In the late 19th century, Bermuda with its vivacious light and perpetual greenery became a winter haven for North American artists, most notably Winslow Homer. As well-heeled tourists began to frequent the colony, other artists began to cater to visitors’ craving for visual mementoes of the “Isles of Rest.” One of these was Connecticut-born Edith Sarah Watson. Born into an enterprising Yankee family whose interests touched farming, law, botany, journalism and commerce, Edith grew up in the Connecticut River valley and was educated at the renowned Hartford Female Seminary. An older sister, Amelia, had progressed from teaching to an artistic career and soon had Edith following in her footsteps. Amelia had a talent for nature painting; in 1894 she illustrated an edition of Thoreau’s Cape Cod for Houghton Mifflin in Boston. Painting in a studio they built at the family home —Wild Acres — in East Windsor Hill or at a cottage at Oak Bluffs on Martha’s Vineyard, the Watson sisters were by the 1890s enjoying modest artistic acclaim.
Art gave the Watson sisters an entree into New England literary and intellectual life. Writers, educators and other artists took to frequenting Wild Acres, where art and conversation abounded. Amelia and Edith Watson had become “new women,” they had developed skills, opinions and a modicum of income that allowed them to live independent lives. For Edith, this opened the way to travel. In the 1890s, she began to make annual sorties to Canada, ranging as far afield as British Columbia and Newfoundland. Historians of women have suggested that travel, art and writing were particularly appealing venues for “new women.” Travel allowed ambitious women to step outside the narrow perimeters of conventional female life, to experience greater intellectual, social and geographical freedom. Edith soon began to dabble in photography, a more versatile artistic medium for one intent on capturing the world’s diversity. Thus, by the 1890s, Edith’s art and photos were appearing in travel brochures and steamship posters. As her biographer Frances Rooney has noted, Watson became adept at horse-trading her artistic wares for the film and train and steamer passes that sustained her intrepid journeys to the edges of North American civilization.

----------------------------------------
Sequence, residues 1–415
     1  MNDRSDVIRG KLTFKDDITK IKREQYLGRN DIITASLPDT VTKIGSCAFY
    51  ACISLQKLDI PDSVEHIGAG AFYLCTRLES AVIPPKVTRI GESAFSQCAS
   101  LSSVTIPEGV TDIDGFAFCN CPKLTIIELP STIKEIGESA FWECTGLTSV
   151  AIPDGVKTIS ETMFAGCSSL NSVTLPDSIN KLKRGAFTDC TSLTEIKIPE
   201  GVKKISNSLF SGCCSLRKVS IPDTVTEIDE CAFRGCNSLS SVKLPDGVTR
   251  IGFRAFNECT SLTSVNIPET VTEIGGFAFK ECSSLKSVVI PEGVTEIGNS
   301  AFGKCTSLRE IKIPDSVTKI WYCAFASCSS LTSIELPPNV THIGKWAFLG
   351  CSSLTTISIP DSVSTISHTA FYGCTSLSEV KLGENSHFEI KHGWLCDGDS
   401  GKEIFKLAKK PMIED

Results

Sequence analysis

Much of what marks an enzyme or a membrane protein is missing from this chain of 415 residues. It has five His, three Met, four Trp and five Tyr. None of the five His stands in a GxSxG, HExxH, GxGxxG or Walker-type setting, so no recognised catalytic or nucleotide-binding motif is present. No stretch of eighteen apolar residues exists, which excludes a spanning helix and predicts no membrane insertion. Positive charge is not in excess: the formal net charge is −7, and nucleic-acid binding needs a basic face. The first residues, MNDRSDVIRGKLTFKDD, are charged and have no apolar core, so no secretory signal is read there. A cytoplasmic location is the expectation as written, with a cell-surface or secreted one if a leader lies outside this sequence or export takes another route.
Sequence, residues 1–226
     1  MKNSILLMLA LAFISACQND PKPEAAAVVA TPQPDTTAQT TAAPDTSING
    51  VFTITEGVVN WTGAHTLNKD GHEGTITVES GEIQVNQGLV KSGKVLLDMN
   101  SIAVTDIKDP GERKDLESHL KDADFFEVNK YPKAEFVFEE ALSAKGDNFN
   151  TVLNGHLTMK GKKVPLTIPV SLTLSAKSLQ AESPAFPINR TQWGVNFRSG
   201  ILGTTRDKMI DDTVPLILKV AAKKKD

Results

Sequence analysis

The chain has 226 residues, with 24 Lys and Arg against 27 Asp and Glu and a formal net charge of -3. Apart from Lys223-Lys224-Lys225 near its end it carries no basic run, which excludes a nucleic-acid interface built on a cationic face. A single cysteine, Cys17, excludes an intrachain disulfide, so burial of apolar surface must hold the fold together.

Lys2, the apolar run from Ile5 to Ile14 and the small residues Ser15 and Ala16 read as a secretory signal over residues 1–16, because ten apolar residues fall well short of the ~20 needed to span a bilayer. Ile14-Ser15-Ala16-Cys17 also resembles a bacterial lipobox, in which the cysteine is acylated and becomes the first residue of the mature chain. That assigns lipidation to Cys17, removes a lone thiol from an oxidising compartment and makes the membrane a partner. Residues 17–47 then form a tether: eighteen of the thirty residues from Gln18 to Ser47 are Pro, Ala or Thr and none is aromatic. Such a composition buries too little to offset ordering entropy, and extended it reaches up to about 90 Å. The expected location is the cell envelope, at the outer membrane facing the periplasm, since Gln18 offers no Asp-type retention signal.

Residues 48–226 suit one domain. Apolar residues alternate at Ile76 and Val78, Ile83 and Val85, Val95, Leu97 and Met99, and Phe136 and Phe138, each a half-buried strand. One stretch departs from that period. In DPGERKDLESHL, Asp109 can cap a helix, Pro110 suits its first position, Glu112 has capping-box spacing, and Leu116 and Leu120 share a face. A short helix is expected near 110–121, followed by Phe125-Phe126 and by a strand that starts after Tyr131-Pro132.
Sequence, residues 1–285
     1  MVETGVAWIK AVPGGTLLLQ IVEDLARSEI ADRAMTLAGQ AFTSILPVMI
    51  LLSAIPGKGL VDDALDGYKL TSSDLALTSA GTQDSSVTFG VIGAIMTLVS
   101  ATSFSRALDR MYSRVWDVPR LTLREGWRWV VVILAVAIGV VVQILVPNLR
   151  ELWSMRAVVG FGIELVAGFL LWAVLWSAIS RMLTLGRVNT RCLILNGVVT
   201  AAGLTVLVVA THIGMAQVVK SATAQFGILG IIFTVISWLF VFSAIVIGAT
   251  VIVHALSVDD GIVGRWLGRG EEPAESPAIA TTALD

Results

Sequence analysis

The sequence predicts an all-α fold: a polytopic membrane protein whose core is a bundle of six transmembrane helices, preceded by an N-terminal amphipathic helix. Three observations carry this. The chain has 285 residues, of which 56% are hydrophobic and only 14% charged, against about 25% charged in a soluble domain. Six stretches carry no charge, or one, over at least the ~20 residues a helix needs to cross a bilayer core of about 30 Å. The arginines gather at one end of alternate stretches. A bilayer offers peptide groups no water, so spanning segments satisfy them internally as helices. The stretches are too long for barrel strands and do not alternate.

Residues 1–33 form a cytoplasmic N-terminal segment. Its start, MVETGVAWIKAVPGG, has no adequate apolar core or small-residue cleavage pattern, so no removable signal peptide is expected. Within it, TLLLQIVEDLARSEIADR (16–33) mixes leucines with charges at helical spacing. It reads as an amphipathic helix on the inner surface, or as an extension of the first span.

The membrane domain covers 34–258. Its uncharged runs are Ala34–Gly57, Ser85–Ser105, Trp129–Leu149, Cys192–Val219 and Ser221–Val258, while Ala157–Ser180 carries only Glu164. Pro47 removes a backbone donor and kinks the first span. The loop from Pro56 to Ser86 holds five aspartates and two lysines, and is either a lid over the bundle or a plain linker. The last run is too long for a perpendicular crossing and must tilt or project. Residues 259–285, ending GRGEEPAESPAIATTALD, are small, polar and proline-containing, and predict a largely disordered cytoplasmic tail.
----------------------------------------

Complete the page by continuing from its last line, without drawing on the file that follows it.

In 1898, Watson’s wanderlust took her to Bermuda. Fleeing the New England winter, she rented a small cottage in St. George’s and used it as a studio to produce water-colours and photos, which she sold through the hotels to tourists. In 1908, Watson provided a series of beautiful Bermuda pictures to illustrate a reprinting of Julia Dorr’s classic account of the colony in the late 19th century, Bermuda: An Idyl of the Summer Islands. Thus in 1911 Watson met Victoria Hayward. The two were immediately drawn to each other; art, travel and writing were the common denominators. At 49, Edith was 14 years Victoria’s senior. Watson was serious, critical and driven; Hayward counterbalanced this with her romanticism and even temper. Edith took to calling her new friend “Queenie.” Within a year, Victoria adopted Edith’s routine and took up residence at Wild Acres, a mutually supportive arrangement that would last until Edith’s death in 1943.
Modern day prurience might tempt one to see more in Edith and Queenie’s relationship than was actually the case. When asked by biographical dictionaries, Victoria reported that she had a “working partnership” with Watson. Years later in her diary she wrote more lyrically: “Edith is a true-blue sport and she & I have hitched together since 1912 to our mutual benefit. The travelling we have done together would fill many books.” Contemporaries called such liaisons “Boston marriages,” a term probably pulled from Henry James’ The Bostonians. Modern-day feminist scholars have suggested that Boston marriages were “intentionally passionate but not consciously sexual.” For middle class women intent on pursuing non-traditional careers, such Boston marriages provided a solid domestic and emotional base for women who defined their existence not by heterosexual ambitions but by feminine sensibilities. They were “women-identified women.” Jane Addams, the Chicago social reformer, and Mary Woolley, president of nearby, women-only Mount Holyoke College, provide two telling examples of contemporaries of Edith and Queenie in Boston marriages.